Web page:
‘Should we own up?’ a look I gave Tatenda asked and his was an emphatic-no! We were in deep shit thanks to our childish prank. But after all we were kids being just form one. Everyone else was in form three and four and we were the two ‘innocent’ babies.

Mr Gudu turned to me and I was consumed with guilt. Of all people I was the last person who was supposed to play a prank (read steal now) on my own flesh and blood!

I could almost see and hear the words coming out of his mouth; did you steal from David? Was what I anticipated.

And what did he say?

“Ah, it is these two innocent boys. Your brother lost his wallet to some thief here, did you boys see anything? Anyway I don’t expect you will snitch on these older boys. We shall conduct a search and you two boys run off to breakfast. It couldn’t have been you. We don’t want you missing your breakfast now do we?” he said with so much love.

Thank heavens I am as dark as a fat juicy grape otherwise I would have turned red from a myriad of feelings and emotions.

I was ashamed. The real culprits-us! We had been exonerated because we were innocent, young and the victim’s brother!

Tatenda and I hardly talked about the ordeal but we knew we could not go back. We had conducted a heist and there was no way out anymore. We had to share the spoils and spend the money.

“We have to just keep it and spend it when we go home for exit-weekend or some other break. If we spend it here people will get suspicious,” Tatenda reasoned.

We shared the money and it was a sombre ceremony, it was like we were officiating at a funeral. We were totally ashamed of ourselves. Just like the muroyi would feel inside when they attend the burial of a person they will have killed knowing they would be coming to get the meat at night.

We had sunk to our lowest ebb.

Tatenda resolved that as David was my elder brother and he just a cousin, I was to get two hundred and fifty dollars while he got two hundred. It just added to my shame. I was getting more pounds of flesh because I was the blood brother! What irony.

We then took the money to the paddocks and bound it in thick plastic sheets before putting it in old cans of beans.

One sweltering hot afternoon, tatenda came and he was breathless. Some idiot had lit a fire at the whole paddock was ablaze. While others frantically tried to help the cattle and were wondering whether the cattle would escape the fire; we were worried whether our Swiss bank accounts could stand the heat!

After it all, we carefully went to the paddock and Tatenda was disappointed. His money was in cinders. Mine was a tight burnt ball of plastic. We were done for.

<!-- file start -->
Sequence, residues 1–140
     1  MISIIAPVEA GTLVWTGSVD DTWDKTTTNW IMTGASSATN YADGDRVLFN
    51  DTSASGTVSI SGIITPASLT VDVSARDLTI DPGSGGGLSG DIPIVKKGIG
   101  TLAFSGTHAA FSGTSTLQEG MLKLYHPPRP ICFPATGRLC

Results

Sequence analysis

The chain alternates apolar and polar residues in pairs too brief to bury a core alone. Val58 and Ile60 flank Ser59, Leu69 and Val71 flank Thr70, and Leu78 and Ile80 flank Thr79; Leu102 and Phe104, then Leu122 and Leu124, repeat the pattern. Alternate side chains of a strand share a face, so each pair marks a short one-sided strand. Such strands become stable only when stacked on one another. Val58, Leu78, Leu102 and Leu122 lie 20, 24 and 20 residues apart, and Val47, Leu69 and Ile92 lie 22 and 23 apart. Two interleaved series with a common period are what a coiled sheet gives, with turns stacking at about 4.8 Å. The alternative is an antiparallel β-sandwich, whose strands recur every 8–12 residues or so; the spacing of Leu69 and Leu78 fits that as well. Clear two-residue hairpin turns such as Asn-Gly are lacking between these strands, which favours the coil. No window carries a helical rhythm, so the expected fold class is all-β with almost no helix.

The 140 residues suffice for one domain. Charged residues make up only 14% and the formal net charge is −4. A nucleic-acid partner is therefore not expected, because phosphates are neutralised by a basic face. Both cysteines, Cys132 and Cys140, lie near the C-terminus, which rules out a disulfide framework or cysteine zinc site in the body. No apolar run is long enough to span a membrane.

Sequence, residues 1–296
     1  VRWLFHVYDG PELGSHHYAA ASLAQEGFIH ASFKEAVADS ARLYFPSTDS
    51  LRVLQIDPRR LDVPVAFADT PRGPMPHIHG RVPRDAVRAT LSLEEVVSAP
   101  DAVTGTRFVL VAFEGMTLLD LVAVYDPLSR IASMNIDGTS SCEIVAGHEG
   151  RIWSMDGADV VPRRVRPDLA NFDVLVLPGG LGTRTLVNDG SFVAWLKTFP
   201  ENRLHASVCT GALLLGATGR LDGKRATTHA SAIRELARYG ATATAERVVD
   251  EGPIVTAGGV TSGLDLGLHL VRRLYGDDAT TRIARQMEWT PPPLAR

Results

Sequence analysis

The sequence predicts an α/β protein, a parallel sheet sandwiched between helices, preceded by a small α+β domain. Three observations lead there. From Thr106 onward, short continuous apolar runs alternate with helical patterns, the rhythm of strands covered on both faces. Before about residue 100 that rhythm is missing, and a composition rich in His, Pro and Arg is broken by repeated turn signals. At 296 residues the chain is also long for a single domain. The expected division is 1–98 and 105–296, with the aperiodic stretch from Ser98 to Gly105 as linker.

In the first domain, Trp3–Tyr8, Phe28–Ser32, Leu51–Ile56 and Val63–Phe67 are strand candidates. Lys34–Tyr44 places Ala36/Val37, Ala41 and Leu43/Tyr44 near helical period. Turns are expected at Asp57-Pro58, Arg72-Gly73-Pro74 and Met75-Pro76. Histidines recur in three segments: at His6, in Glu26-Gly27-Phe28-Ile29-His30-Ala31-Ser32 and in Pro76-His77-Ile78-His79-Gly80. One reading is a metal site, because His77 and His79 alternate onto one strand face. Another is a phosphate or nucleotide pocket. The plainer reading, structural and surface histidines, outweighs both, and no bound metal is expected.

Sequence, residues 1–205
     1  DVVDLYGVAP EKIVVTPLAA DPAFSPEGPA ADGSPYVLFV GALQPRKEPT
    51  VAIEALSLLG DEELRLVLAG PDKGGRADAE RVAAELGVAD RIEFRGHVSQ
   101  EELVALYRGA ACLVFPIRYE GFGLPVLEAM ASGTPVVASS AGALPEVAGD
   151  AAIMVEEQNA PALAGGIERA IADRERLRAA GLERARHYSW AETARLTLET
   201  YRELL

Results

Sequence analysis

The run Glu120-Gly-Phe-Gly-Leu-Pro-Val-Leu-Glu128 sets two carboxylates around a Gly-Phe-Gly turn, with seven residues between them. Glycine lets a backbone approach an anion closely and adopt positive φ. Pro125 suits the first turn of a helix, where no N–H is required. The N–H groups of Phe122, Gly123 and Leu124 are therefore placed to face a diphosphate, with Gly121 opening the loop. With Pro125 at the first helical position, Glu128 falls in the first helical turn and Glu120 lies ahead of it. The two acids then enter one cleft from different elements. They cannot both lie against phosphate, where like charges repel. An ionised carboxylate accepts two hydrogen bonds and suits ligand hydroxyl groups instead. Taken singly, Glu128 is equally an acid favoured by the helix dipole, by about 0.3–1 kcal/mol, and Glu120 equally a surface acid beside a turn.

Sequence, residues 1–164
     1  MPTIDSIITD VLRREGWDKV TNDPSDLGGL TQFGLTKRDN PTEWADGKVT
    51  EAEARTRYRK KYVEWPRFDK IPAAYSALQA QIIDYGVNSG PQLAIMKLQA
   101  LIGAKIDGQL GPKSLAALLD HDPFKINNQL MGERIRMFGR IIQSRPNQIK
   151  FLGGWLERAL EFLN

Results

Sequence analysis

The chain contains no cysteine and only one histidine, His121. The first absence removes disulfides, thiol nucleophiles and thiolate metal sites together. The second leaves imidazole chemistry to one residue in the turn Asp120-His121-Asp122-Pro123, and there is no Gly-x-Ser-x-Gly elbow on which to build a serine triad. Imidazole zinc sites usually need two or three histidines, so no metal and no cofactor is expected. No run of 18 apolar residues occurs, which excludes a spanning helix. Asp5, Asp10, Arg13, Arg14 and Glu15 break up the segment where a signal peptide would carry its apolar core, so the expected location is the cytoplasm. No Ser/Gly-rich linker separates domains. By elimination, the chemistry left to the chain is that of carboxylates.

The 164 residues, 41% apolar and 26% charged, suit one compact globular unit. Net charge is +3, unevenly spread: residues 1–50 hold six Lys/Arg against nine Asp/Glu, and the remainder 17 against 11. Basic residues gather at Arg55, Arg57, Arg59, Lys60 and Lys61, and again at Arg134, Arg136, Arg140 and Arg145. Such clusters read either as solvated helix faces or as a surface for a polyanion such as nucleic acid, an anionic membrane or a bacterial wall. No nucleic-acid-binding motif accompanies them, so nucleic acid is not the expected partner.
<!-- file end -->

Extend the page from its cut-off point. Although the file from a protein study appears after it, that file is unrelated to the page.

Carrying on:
At least |Tatenda had gone and ‘withdrawn’ fifty dollars one weekend when he had to go home. I had never had the chance to use mine.

We commiserated.

Later I took mi ball to the hostel and decided just out of curiosity how my burnt money looked inside.

I slit it open and lo and behold my money was perfect!

I did not breathe a word to tatenda about my fortune. Neither did I tell anybody of this until now dear reader, when I let you in on my secret. Now that David knows if he reads this opening up of my soul, I may have to take him for a drink to make up for my sin of ‘94.

The story taught me a lot. Never play a prank; it may grow into a deep wound that will get you deeper and deeper in evil. Never trust the little ones as being honest…make everyone a suspect.

I also learnt hat there is NO honour amongst thieves; if there was I would have been honest to Tatenda and told him that my money had survived the fire and at least given him a bit.

And never completely trust someone because they are your relative. Tuku said; Chiiko pahukama? Kupedeza nguva kutsvaga muroyi kuvatorwa! (What is this spirit amongst the related? You are wasting time looking for the enemy amongst strangers-the enemy is within!)

That was the last time I stole-at school! I have not repeated anything of the sort; yet!

Now I look back and think, how come I was ever tempted to be such a terrible tot? and then I realise that mine is a dog’s life…but somebody’s got to live it!


  1. I laughed so hard at this story - of course i laughed even harder with the paddock alight!! Interesting Msengezi Stories for sure...